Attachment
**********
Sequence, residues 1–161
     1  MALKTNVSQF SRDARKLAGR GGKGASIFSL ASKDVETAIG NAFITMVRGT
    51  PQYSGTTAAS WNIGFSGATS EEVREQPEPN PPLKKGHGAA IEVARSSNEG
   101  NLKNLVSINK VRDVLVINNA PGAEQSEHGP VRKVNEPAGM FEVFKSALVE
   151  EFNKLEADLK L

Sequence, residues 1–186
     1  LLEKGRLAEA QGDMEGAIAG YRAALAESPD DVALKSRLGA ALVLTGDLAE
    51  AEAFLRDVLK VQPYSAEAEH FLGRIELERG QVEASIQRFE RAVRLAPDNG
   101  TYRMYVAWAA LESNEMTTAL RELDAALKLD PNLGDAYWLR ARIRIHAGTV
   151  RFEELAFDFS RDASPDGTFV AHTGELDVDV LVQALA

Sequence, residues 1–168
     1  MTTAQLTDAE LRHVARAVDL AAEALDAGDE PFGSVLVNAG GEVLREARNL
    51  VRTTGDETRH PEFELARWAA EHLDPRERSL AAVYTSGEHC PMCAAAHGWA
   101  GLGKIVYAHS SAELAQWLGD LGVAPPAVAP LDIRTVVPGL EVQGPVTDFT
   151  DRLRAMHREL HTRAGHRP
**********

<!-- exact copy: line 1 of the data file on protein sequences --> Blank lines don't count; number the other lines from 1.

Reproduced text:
Sequence, residues 1–161